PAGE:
Title: STARLIGHT MINOR – A Grandfather and Grandson’s Memoirs 1st Field Ambulance WW1 & C Coy 4RAR/NZ Bn (Anzac) Vietnam

Author: Farry, Daryl R

Condition: Mint

Edition: 1st Edition

Publication Date: 2009

ISBN: 9781921574160

Cover: Soft Cover without Dust Jacket – 314 pages

Comments:  This book is written as two stories detailing the experiences of two generations of the one family at war.  The author’s grandfather, James (Dave) McClelland, served through the horrors of World War 1 as a dresser/stretcher-bearer, and fifty years later his grandson served as a National Serviceman with 4RAR/NZ as a medic with ‘C’ Company in the jungles of Vietnam.

They both volunteered, they both fought with just their training and basic medical equipment to keep Diggers alive.  They suffered the physical hardships of working in harsh conditions. They lived on after their wars with the memories of those experiences.  Clearly, they were deeply affected, but survived to make worthwhile contributions to society.

James (Dave) McClelland’s story is written in the first person from his own diary and from many hours of research. It is not a story for the faint hearted. It graphically paints a picture of the horrors the young Diggers lived with, not just occasionally, but on an almost daily basis. Their methods of survival and of coming out the other side, basically intact, are described in detail: humour, mateship, larrikinism and intolerance of officiousness.

Daryl tells his own story of his determination to follow the family tradition of military service as a medic.  In Vietnam, his goal was to care for the health and well-being of the men of the Company, a task he clearly achieved in very testing circumstances.  It was a very dangerous place when he arrived there in 1968.  The enemy was ruthless, well-trained, guerrilla fighters, skilled in all aspects of local terrain and demographic conditions, which they used very skilfully to their advantage. Even so, the Australians and New Zealanders retained control of their area of operations in Phuoc Tuy Province. They were a modern force priding themselves on superior combat related skills, skills that came to the fore in areas of leadership, tactics, weaponry, and training, mixed with the true spirit of the Anzac tradition.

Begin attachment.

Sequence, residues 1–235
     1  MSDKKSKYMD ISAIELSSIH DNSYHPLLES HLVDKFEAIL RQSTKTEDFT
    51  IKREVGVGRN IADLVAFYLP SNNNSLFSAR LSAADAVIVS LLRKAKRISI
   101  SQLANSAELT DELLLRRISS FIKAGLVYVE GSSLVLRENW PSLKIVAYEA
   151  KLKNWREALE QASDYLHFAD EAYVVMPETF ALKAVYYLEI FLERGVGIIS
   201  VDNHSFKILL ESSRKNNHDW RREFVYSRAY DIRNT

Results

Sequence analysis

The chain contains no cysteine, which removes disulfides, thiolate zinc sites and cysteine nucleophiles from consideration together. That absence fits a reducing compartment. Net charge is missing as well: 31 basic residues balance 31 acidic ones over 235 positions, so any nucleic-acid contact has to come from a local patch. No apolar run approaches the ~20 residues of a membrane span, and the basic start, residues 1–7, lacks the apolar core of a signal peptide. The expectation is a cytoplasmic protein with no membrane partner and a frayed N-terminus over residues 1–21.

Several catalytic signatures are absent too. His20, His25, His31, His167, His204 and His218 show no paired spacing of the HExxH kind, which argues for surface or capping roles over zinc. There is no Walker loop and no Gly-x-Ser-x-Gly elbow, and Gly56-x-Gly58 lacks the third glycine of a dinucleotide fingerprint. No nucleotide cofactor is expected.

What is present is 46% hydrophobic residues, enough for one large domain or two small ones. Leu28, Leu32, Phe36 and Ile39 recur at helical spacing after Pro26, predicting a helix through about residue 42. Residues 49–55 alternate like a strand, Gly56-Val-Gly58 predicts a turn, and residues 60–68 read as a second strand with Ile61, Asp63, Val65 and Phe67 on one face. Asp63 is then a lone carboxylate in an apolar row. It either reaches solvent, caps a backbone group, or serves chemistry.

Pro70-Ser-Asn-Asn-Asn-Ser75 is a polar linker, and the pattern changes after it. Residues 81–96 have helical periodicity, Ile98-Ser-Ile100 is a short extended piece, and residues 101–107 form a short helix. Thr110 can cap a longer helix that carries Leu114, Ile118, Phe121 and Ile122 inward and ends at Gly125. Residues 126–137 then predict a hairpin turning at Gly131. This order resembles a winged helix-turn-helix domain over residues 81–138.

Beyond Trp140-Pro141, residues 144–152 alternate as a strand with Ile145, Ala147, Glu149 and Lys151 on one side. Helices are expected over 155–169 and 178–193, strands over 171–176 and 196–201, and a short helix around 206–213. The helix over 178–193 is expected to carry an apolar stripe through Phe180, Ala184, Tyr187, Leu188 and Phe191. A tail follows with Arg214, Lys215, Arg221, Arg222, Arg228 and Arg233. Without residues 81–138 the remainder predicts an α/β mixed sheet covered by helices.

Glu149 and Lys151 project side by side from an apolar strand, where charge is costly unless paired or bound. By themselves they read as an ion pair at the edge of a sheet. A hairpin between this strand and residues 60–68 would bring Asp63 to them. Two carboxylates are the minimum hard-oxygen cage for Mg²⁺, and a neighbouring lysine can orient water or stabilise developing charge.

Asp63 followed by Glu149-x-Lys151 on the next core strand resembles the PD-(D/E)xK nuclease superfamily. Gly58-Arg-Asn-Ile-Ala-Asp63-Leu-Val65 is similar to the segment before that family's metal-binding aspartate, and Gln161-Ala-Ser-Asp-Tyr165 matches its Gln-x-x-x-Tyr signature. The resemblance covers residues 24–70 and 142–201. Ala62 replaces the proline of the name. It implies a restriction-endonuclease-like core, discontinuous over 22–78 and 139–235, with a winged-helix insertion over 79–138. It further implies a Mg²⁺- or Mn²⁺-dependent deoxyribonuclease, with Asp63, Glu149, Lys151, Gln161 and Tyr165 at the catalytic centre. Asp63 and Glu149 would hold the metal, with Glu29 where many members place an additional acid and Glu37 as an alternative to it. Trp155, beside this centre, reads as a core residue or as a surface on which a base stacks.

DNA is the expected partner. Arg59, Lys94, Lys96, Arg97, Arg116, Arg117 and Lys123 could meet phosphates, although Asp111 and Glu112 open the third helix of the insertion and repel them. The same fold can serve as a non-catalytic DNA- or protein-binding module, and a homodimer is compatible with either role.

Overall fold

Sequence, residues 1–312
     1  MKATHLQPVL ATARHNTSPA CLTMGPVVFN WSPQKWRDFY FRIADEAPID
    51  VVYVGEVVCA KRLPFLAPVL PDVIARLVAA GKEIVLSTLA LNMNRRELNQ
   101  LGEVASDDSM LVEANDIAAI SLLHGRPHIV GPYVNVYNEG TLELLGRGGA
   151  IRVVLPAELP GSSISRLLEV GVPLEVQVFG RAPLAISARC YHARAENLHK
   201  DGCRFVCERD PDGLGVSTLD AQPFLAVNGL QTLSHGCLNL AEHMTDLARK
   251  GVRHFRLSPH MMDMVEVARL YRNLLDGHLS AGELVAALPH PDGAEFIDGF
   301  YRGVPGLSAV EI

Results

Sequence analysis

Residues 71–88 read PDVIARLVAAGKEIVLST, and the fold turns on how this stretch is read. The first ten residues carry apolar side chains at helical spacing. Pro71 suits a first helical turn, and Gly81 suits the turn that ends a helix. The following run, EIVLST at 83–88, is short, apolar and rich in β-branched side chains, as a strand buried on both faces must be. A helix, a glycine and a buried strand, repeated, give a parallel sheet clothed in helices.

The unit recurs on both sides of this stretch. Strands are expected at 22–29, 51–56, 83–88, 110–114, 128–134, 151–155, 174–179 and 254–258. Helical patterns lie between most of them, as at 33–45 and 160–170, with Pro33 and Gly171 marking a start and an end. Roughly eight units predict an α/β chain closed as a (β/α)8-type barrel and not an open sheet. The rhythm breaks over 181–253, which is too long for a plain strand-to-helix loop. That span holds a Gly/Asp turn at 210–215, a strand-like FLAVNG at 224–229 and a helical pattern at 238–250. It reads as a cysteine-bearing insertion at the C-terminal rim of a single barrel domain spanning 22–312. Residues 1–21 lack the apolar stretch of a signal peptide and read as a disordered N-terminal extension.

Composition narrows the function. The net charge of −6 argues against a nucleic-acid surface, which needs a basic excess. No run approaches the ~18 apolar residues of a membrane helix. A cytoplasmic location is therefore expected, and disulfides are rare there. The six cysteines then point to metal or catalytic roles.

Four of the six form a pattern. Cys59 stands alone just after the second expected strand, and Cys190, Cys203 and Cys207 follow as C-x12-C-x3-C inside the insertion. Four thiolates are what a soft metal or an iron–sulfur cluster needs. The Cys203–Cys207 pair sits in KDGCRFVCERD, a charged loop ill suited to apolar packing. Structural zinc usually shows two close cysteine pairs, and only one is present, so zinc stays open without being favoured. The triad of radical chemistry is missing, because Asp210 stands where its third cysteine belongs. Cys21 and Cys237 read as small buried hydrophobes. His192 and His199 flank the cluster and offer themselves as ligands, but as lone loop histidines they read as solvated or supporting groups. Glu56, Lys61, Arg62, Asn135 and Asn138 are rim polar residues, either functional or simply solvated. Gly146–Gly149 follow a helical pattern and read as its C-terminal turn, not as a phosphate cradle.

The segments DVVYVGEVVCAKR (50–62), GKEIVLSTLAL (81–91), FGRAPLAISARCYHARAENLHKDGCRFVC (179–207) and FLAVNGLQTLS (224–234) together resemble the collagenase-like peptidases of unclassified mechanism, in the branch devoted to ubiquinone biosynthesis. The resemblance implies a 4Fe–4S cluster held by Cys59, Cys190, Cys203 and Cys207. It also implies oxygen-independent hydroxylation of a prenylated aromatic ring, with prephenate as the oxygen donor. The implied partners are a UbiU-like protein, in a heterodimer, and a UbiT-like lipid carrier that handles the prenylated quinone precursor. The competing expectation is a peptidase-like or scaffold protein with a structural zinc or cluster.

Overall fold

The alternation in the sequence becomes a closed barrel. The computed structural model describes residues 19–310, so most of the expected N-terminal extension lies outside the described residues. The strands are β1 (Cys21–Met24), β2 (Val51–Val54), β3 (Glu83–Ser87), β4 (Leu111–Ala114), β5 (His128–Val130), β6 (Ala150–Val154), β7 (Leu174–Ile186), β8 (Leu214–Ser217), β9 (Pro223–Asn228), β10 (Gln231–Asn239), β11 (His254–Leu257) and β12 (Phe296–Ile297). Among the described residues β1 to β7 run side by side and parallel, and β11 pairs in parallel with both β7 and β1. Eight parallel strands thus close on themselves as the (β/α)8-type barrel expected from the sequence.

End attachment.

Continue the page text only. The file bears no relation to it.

Charlie Company lost five men KIA on that tour with many more wounded, and Daryl and other Diggers of the company still feel the loss and complete waste of those young lives, ripped away in their prime and never able to grow old.  He pulls no punches throughout this account as he describes incidents that should have had better outcomes.  Some may feel offended at such honest opinions possibly expressed for the first time, but his statements are reflections on what was said and done many years ago in the heat of battle.